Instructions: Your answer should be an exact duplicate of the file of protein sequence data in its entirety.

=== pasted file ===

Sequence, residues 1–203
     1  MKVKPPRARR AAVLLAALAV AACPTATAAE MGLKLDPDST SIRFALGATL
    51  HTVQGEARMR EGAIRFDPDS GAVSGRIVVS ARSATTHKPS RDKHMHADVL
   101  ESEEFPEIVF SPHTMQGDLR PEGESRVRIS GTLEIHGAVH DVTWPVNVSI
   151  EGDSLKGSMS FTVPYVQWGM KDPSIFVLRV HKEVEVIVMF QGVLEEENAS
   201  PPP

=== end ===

Sequence, residues 1–203
     1  MKVKPPRARR AAVLLAALAV AACPTATAAE MGLKLDPDST SIRFALGATL
    51  HTVQGEARMR EGAIRFDPDS GAVSGRIVVS ARSATTHKPS RDKHMHADVL
   101  ESEEFPEIVF SPHTMQGDLR PEGESRVRIS GTLEIHGAVH DVTWPVNVSI
   151  EGDSLKGSMS FTVPYVQWGM KDPSIFVLRV HKEVEVIVMF QGVLEEENAS
   201  PPP